I can only calm you down by saying that so far, in my two decades of metal, I haven’t heard another album worth 100%, or even 99%, for that matter. This has been my favourite album for over fourteen years. The Sane Asylum is in a class of its own, and has set a standard that can -and should- be approached and strived for, but so far even the best bands attempting have ended as asymptotic curves, never really having a chance to reach the level of perfection on this beautifully flawed masterpiece, no matter how much they improve. The Sane Asylum is fundamentally great because it set next to each other elements that should reject each other, and succeeds in blending them into colours that have rarely, or more likely never, been seen elsewhere.
First and foremost, there is Flawed Perfection. It impossible not to hear the low standard of the production. Most of the album sounds hollow and echoes abound, as if it was recorded in an empty 53 ft. standard cargo container. The guitar sound is somehow cheap and minimal, the drums lack all the sounds usually associated with thrashy aggression, and the bass is mostly audible when pounded with passion. The worst part, for most people, are Biedermeyer vocals. He doesn’t sound good, or even very credible, and his voice is simply repulsing with its narrow scale and tendency to break into a coarse shout-growl in louder parts. And still, everything in the whole is perfect, almost as if it had been intentionally fine-tuned to the right level of lousiness, just to rise so very high above the sum of the components. The guitars, with their WalMart effects and humble minimalism, attack with surprisingly vicious stings every now and then, mostly just executing their complex duties with fearsome ease. The drums wander all over the background of the sound, never outright surprising, but retaining with minimal tricks the essential knowledge of their own will, refusing to settle just for providing the beat. Everything has a purpose, and despite all the flaws the sound becomes a balanced, well-oiled machine from a dark steampunk movie, puffing and labouring, but doing its job with a surprising reliability and alien aesthetics. It truly is the android of Metropolis, at the same time a monster and a temptress.
There is the element of Uncompromising Mellowness. Aggression has never been so innocent on the surface, and so merciless underneath it. The best example of it can be found in the song “”Death Noise””. The intro, a whole song in itself, lasts well over three minutes, and is mid-paced, progressive and, in a strange fashion, very soft. At the same time it charges up the atmosphere, painting ominous images in the mind, perversely becoming progressively softer and softer, all the while building up a tension that could burst a vein in one head. When the almost subliminal heartbeat can finally be heard, more with the subconscious than the ears, for exactly twelve beats, the stage is set. But for what? A thrash song, nothing more, almost an anti-climax. But a perfect anti-climax, shorter than the intro, a compact payload to be delivered with pinpoint precision, a dumb warhead to devastate what the earlier stages had targeted. “”Kamakazi”” has a more complete and thorough combination of the two. All through the song the sound stays ominously mellow, but the feelings it awakens are nothing close to calming or soothing. Soft delivery is intertwined with a controlled, steel-eyed fury, with a deadly, dedicated determination and the delicate beauty of a cherry blossom. At no point during the album does the mellowness become a compromise, never does the band allow a real breathing space. They do what they want, uncaringly dealing out the constricting emotion that, disguised as mellow laziness, resembles a bad feeling before a certain accident. Imagine sitting behind the steering wheel of a car that inevitably slides on top of smooth black ice towards the rear of the last car to hit the mile-long pile-up on the highway. There nothing you can do but to stare and listen while the time slows down, all senses sharpening, gripping the wheel with white knuckles, and feeling the weighty block of frozen lead on the bottom of your belly.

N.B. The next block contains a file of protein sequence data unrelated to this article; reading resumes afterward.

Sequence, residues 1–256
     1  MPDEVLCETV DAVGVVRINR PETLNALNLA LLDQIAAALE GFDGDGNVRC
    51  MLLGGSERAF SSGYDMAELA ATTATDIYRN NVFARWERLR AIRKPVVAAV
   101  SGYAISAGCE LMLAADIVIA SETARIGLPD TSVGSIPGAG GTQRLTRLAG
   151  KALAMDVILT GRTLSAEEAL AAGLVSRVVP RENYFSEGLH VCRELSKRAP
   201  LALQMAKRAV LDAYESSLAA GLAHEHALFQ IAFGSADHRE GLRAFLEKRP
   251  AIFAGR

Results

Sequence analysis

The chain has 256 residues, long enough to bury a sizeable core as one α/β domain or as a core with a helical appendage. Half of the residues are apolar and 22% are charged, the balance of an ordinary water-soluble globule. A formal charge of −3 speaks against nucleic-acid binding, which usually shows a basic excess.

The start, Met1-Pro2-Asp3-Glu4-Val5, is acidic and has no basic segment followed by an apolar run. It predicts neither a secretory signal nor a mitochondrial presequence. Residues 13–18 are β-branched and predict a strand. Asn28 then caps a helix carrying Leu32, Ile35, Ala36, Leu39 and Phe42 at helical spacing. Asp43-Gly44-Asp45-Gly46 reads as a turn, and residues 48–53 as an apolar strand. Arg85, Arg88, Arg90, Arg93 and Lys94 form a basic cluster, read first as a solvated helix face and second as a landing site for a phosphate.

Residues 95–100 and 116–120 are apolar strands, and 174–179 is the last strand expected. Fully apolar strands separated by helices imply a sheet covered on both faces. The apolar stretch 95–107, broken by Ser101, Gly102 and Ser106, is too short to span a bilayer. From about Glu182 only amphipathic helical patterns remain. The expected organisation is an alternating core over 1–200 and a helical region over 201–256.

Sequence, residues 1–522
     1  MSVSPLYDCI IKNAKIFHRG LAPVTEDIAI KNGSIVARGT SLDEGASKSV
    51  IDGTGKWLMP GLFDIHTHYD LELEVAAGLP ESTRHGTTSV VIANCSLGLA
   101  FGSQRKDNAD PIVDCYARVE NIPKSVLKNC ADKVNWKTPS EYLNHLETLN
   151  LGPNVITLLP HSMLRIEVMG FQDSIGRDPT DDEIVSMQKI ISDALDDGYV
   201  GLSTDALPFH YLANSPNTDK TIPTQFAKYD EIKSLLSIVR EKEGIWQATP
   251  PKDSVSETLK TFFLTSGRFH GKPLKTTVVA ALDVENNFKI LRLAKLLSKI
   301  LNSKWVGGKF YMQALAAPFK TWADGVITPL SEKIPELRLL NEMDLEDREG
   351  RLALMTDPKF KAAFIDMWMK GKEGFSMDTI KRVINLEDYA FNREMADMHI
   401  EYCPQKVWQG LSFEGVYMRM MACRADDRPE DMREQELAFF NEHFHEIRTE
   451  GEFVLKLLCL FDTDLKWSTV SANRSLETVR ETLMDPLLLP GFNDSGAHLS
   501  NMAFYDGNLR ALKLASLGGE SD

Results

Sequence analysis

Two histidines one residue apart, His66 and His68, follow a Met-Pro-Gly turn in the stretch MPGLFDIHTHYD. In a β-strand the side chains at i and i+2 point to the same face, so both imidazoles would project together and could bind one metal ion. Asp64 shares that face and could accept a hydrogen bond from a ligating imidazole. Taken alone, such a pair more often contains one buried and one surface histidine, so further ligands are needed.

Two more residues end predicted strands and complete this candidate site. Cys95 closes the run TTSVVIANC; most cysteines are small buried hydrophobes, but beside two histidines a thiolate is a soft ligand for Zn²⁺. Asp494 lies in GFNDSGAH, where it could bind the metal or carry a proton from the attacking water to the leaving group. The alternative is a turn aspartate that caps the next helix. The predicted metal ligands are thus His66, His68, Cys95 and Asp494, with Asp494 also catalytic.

Third, the Invisible Brilliance! While the album may be below many other works in production and sound, the workings of the separate instruments are magnificient. They aren’t in a zoo cage to be stared at by half-interested passers-by. You must take the time to seek for them, listen for Claypool odd bass lines, hunt the strange jazzy backbeats in the drum work, actively stalk the intriguing effect sounds and the child-choir. Yes, there is a child-choir, hidden like a religious artefact of a long-lost tribe, but audible if you only know where to look for it. Just like in a complex surreal painting, there are thousands of tiny details to be discovered and enjoyed, and just using a different stereo set and toying with the equalizer can provide stunning moments of illumination. This is a Victorian house designed by an insane genius, with secret passages and Lovecraftian murals, endless intricate reliefs with stories to tell and a surrounding overgrown garden that hides much. The musicians were the geniuses, and even if we lost some of them to Primus and the others have scattered, their metallic legacy remains in the 40 minutes of The Sane Asylum. It is a beautiful tombstone, a fragment of perfection.
I lack the technical understanding and the verbal skills to describe the album well enough for you to see what makes it so special, so precious, and so worthy of your time. So go and find it, on cassette or vinyl if necessary, and let it guide you. Give it several chances, study it with patience, and let it reveal its inner workings. It is a Lemarchand box worth working on. It may even turn out to be a one-of-kind Lament Configuration, and have such sights to show you… All you need to do is to trigger its fascinating mechanism in your mind and let yourself go. I’ll see you on the other side.